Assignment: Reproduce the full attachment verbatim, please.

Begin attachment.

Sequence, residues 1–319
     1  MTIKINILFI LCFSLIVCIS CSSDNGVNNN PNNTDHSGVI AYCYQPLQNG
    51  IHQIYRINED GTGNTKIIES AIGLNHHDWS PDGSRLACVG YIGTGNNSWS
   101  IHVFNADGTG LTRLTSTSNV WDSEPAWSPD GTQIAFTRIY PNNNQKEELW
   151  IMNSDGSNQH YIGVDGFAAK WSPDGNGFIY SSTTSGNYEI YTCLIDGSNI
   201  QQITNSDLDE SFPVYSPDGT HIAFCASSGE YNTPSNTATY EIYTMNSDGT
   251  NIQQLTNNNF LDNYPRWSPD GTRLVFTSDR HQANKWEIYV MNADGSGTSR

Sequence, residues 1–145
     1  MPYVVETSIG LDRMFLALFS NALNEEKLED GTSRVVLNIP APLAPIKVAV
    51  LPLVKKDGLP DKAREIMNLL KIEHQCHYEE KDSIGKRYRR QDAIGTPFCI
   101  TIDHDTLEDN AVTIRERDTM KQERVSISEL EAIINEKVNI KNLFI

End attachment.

Sequence, residues 1–319
     1  MTIKINILFI LCFSLIVCIS CSSDNGVNNN PNNTDHSGVI AYCYQPLQNG
    51  IHQIYRINED GTGNTKIIES AIGLNHHDWS PDGSRLACVG YIGTGNNSWS
   101  IHVFNADGTG LTRLTSTSNV WDSEPAWSPD GTQIAFTRIY PNNNQKEELW
   151  IMNSDGSNQH YIGVDGFAAK WSPDGNGFIY SSTTSGNYEI YTCLIDGSNI
   201  QQITNSDLDE SFPVYSPDGT HIAFCASSGE YNTPSNTATY EIYTMNSDGT
   251  NIQQLTNNNF LDNYPRWSPD GTRLVFTSDR HQANKWEIYV MNADGSGTSR

Sequence, residues 1–145
     1  MPYVVETSIG LDRMFLALFS NALNEEKLED GTSRVVLNIP APLAPIKVAV
    51  LPLVKKDGLP DKAREIMNLL KIEHQCHYEE KDSIGKRYRR QDAIGTPFCI
   101  TIDHDTLEDN AVTIRERDTM KQERVSISEL EAIINEKVNI KNLFI